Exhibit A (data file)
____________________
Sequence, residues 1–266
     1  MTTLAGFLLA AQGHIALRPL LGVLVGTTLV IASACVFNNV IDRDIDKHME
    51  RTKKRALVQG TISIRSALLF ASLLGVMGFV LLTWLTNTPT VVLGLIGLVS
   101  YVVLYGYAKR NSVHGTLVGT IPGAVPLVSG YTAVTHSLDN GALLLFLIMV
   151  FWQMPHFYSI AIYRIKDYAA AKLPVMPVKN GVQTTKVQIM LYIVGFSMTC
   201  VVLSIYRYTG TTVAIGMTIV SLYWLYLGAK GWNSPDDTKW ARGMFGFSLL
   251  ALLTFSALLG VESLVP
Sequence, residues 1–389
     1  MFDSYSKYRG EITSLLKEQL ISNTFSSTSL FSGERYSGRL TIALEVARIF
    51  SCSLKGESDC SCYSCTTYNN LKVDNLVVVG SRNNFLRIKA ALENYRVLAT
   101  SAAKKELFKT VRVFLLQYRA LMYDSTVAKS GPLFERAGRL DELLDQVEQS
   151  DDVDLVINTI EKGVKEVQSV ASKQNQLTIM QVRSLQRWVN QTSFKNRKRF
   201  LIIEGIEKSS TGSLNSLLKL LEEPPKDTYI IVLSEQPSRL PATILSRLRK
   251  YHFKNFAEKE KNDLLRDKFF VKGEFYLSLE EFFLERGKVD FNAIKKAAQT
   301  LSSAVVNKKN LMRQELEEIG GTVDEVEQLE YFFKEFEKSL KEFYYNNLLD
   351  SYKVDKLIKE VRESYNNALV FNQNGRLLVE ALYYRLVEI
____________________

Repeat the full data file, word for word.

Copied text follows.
Sequence, residues 1–266
     1  MTTLAGFLLA AQGHIALRPL LGVLVGTTLV IASACVFNNV IDRDIDKHME
    51  RTKKRALVQG TISIRSALLF ASLLGVMGFV LLTWLTNTPT VVLGLIGLVS
   101  YVVLYGYAKR NSVHGTLVGT IPGAVPLVSG YTAVTHSLDN GALLLFLIMV
   151  FWQMPHFYSI AIYRIKDYAA AKLPVMPVKN GVQTTKVQIM LYIVGFSMTC
   201  VVLSIYRYTG TTVAIGMTIV SLYWLYLGAK GWNSPDDTKW ARGMFGFSLL
   251  ALLTFSALLG VESLVP
Sequence, residues 1–389
     1  MFDSYSKYRG EITSLLKEQL ISNTFSSTSL FSGERYSGRL TIALEVARIF
    51  SCSLKGESDC SCYSCTTYNN LKVDNLVVVG SRNNFLRIKA ALENYRVLAT
   101  SAAKKELFKT VRVFLLQYRA LMYDSTVAKS GPLFERAGRL DELLDQVEQS
   151  DDVDLVINTI EKGVKEVQSV ASKQNQLTIM QVRSLQRWVN QTSFKNRKRF
   201  LIIEGIEKSS TGSLNSLLKL LEEPPKDTYI IVLSEQPSRL PATILSRLRK
   251  YHFKNFAEKE KNDLLRDKFF VKGEFYLSLE EFFLERGKVD FNAIKKAAQT
   301  LSSAVVNKKN LMRQELEEIG GTVDEVEQLE YFFKEFEKSL KEFYYNNLLD
   351  SYKVDKLIKE VRESYNNALV FNQNGRLLVE ALYYRLVEI